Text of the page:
Have all these distinctions down, clarify in advance the state of your positions on epistemology and metaphysics, and try to get religious people to explicitly defend the plausibility and likelihood of personal gods, and to defend why one should believe in their specific personal god or gods in particular. I would even recommend you wave away the debate over whether there is a deist god or at least stress that for as long as you spend time debating that kind of being’s possible existence, the theist is evading the more fundamental (and only religiously salient) question, which is why one should believe in their personal god or gods.

Finally, on this topic, a related piece of advice—most religious believers in my experience are very muddled as to which of their beliefs they hold because they seem rationally to be the most plausible and which ones they are holding by faith in spite of a lack of evidence. Often they will start out defending propositions for as long as they can and then appeal to faith as only a back up, last ditch strategy to avoid having to change their minds. They tend to want to defend as much as they can rationally even though ultimately they are committed in advance of evidence, by faith, to believe in either case. Try to make this explicit to them. Try to get them to clarify which of their beliefs are based on evidence and which on faith alone.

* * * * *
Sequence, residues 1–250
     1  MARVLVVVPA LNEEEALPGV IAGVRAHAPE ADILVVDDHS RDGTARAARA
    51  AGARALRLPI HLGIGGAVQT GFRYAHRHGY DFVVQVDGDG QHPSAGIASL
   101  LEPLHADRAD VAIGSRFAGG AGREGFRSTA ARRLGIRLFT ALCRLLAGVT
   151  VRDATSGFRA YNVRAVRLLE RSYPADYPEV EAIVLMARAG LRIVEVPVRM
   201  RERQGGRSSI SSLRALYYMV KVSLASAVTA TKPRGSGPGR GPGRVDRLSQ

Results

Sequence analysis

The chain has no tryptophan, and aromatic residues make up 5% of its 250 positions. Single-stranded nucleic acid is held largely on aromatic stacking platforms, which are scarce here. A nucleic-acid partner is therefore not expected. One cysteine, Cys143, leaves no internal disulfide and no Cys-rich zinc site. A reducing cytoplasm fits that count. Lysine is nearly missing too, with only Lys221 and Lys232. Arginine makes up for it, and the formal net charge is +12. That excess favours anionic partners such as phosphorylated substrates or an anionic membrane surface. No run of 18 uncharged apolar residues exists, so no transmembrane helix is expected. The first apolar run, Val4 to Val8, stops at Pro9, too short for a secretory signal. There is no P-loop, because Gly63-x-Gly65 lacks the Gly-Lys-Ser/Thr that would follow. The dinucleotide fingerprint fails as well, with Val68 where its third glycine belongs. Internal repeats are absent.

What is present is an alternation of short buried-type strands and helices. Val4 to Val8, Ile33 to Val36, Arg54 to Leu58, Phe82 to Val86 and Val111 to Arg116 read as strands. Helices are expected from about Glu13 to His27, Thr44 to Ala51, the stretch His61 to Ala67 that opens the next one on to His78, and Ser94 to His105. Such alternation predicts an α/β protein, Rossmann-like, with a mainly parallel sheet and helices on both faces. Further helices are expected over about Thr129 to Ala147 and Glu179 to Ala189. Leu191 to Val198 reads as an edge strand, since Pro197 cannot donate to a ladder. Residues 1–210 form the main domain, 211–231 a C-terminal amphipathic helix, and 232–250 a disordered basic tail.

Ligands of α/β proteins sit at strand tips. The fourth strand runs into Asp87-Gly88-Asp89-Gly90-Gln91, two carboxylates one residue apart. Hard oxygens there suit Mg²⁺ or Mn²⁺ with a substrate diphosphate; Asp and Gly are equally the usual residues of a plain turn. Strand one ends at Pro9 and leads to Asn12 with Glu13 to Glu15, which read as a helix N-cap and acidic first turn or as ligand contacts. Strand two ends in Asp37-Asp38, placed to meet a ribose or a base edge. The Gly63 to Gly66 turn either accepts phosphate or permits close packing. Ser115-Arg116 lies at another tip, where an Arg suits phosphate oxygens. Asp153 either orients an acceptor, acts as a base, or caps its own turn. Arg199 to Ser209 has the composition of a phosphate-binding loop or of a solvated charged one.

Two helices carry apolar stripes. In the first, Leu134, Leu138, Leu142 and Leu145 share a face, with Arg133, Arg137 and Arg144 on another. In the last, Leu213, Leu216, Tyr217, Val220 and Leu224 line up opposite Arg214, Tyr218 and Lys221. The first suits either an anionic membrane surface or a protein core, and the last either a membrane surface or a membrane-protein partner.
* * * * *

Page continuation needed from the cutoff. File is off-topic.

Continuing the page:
They typically start out thinking God is a pretty well-evidenced belief even if they might admit trust in the Bible requires faith. Challenge them by asking for clarifying, is this something you believe on faith or on evidence on each point and then point out to them specifically when you catch them caring about evidence when they think it serves them and then abandoning it and citing faith the moment it does not. Point that out. It is a clear point of evidence that faith is merely an excuse to deliberately believe whatever one already has decided to believe, even when it is refuted, and therefore antithetical to good reasoning, rather than in some way complementary to reason. Good reasoning alters rationally formed beliefs when their rational supports are undermined, it does not switch to just accepting them arbitrarily instead.

If you ask them early on which of their points they think are rationally defensible then when they switch to just claiming they are matters of faith, then you can gain a victory at least in making them concede they have lost their rational confidence in the proposition, even if they are deciding to still hold it by faith. I cannot help but think this affects them later on, in their own reflections and future debates, to have to admit their views are less rational.